Sediment bioassays with larvae of the midge, Chironomus tentans, were used to evaluate influences on the bioavailability and toxicity of copper (Cu) in sediments with a wide range of concentrations of metals, acid-volatile sulfide (AVS), and other physicochemical characteristics. Sediments were collected from sixteen lakes in Michigan, USA, and from twelve sites in the Clark Fork River drainage of Montana, USA, which are contaminated with metals from mining activities and from other anthropogenic sources. Bioassays with C. tentans larvae were conducted for ten days in a static-renewal test system, with endpoints of survival, growth, and metal bioaccumulation. Bioaccumulation of copper (Cu) was strongly correlated with Cu concentrations in porewater, and was increased significantly at Cu concentrations less than those affecting growth or survival. Midge survival and growth were not significantly correlated with concentrations of Cu in sediment or porewater, and were poorly predicted by ratios of acid-extractable metals to AVS in sediments. Principal components analysis indicated that Cu concentrations in porewater and bioaccumulation of Cu by midge larvae were influenced by AVS, sediment organic carbon, and porewater pH, and that toxicity was associated with high concentrations of Cu, high concentrations of zinc (Zn) and ammonia. No toxicity was observed in several sediments which contained low concentrations of AVS and high concentrations of Cu and Zn. In sediments which contain little AVS, bioavailability of metals may be controlled by constituents other than sulfides, such as organic matter and metal hydrous oxides. These results indicate that assessments of toxicity in metal-contaminated sediments should evaluate the importance of metal-binding phases other than sulfides, and the possible contributions of ammonia or other toxicants to toxicity in sediment bioassays.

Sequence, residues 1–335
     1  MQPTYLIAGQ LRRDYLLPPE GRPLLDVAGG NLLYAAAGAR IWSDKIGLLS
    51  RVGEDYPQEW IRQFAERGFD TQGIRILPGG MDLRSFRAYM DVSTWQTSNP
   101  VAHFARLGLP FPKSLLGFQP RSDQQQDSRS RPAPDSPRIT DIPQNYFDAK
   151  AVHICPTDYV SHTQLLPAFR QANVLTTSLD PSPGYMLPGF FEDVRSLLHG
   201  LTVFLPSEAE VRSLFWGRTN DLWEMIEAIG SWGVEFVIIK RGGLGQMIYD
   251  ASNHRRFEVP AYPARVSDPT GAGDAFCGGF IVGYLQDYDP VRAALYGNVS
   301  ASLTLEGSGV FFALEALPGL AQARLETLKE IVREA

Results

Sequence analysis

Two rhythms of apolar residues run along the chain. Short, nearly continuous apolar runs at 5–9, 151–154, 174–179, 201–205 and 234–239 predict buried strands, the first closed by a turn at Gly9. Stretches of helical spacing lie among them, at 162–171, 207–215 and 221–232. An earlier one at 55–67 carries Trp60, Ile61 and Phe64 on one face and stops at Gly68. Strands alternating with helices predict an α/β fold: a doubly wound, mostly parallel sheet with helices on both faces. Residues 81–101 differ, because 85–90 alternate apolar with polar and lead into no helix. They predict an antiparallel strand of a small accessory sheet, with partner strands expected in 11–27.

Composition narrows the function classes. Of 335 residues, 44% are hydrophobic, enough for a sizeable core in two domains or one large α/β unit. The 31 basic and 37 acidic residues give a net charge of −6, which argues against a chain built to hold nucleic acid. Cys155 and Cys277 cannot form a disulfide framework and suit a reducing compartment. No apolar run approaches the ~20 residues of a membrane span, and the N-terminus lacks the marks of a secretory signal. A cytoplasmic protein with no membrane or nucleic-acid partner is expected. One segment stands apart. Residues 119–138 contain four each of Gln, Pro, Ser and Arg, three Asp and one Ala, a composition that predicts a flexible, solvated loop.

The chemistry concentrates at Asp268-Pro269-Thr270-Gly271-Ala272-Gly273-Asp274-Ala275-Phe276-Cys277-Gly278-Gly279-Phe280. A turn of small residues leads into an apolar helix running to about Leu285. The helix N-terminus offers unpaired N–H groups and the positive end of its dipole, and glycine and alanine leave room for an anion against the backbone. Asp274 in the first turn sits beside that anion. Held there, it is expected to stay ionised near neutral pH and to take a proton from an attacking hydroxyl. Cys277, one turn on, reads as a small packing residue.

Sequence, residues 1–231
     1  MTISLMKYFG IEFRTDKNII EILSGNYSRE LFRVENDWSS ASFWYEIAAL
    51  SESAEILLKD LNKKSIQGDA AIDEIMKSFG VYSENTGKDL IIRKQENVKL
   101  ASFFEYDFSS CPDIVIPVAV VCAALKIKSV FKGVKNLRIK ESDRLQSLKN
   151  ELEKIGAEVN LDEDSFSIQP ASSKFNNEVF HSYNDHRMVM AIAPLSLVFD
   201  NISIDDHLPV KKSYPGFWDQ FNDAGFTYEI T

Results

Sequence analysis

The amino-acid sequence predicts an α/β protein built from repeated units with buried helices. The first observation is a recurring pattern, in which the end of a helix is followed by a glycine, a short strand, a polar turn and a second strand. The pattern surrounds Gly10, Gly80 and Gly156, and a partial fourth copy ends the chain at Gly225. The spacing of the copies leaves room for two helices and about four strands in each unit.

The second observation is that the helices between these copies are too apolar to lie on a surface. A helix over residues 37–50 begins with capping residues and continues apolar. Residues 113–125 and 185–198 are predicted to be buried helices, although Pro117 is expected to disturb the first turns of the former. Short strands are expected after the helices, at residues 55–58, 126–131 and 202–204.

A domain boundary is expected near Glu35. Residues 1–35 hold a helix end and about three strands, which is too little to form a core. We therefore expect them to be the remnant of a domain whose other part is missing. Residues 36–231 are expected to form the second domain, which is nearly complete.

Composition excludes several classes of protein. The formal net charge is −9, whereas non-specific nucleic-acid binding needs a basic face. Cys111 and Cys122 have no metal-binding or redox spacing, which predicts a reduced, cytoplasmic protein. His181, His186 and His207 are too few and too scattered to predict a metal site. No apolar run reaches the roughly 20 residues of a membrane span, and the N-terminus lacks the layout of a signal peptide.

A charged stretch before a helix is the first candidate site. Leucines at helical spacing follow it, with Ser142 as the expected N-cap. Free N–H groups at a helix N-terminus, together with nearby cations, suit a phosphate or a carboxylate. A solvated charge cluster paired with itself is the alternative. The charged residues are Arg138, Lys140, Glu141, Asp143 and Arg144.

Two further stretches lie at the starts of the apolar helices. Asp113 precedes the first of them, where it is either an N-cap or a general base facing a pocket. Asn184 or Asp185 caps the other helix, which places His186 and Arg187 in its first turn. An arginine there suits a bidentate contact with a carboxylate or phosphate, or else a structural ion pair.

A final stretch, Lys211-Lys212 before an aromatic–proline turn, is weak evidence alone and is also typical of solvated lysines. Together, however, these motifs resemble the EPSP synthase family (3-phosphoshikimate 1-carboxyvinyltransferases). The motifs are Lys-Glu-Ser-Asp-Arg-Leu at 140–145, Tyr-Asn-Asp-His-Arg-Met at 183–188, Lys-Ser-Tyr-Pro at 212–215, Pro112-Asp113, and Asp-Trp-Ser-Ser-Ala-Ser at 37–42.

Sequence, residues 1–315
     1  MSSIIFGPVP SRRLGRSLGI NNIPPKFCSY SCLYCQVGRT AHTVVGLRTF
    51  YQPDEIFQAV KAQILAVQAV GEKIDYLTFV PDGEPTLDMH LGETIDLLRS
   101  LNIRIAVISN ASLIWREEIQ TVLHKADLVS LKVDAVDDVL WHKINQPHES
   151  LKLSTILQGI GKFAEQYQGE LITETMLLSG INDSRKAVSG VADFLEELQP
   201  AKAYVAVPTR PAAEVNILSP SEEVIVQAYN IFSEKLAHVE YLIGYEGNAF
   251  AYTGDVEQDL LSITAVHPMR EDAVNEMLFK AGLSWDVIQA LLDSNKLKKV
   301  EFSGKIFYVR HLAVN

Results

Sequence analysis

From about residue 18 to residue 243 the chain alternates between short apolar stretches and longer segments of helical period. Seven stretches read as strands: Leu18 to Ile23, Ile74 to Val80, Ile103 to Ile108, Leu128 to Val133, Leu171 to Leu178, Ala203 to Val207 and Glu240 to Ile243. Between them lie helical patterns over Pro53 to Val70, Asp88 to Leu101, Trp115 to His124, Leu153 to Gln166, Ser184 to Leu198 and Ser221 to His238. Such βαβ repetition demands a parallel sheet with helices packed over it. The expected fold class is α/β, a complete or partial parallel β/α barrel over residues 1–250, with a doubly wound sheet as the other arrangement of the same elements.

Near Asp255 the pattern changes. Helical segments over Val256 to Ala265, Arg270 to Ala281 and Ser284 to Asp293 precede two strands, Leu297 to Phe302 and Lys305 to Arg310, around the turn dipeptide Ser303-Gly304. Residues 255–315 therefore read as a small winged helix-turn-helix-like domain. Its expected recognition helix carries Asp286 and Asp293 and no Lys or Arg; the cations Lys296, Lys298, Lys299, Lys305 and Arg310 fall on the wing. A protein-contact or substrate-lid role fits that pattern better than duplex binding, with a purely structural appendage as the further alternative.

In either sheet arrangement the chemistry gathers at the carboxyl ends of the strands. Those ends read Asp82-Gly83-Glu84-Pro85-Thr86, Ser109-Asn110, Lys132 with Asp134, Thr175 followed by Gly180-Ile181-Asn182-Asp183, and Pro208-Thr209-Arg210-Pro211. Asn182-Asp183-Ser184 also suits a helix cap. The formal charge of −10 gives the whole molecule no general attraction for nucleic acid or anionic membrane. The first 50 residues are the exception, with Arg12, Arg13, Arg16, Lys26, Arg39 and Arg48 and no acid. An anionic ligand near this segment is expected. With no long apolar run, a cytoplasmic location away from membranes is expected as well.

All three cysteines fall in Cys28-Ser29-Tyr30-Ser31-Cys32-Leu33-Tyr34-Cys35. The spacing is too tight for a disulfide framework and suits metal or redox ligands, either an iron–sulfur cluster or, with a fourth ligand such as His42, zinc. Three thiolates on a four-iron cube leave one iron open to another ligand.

Additional publication details
|Publication Subtype||Journal Article|
|Title||Influences on copper bioaccumulation, growth, and survival of the midge, Chironomus tentans, in metal-contaminated sediments|
|Series title||Journal of Aquatic Ecosystem Health|
|Publisher||Kluwer Academic Publishers|
|Contributing office(s)||Columbia Environmental Research Center|
|Google Analytic Metrics||Metrics page|